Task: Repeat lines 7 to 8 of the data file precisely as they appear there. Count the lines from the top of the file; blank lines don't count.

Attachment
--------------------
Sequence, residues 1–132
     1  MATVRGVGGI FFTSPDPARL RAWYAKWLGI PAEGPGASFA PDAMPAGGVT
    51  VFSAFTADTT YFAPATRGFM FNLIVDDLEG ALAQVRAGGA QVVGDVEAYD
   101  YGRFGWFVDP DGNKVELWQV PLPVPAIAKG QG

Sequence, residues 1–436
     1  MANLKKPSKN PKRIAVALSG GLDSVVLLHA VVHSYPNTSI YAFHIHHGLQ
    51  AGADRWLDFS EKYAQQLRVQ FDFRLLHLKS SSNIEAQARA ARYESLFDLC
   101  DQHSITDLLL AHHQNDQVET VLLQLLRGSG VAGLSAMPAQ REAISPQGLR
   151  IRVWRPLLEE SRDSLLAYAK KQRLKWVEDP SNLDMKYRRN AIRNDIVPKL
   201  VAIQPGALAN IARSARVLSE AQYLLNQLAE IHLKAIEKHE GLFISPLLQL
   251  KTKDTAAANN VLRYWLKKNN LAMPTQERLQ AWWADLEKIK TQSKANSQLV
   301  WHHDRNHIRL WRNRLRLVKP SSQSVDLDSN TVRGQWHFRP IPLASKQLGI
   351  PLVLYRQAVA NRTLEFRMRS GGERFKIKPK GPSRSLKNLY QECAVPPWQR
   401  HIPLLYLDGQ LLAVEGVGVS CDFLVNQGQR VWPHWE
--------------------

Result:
    51  AGADRWLDFS EKYAQQLRVQ FDFRLLHLKS SSNIEAQARA ARYESLFDLC
   101  DQHSITDLLL AHHQNDQVET VLLQLLRGSG VAGLSAMPAQ REAISPQGLR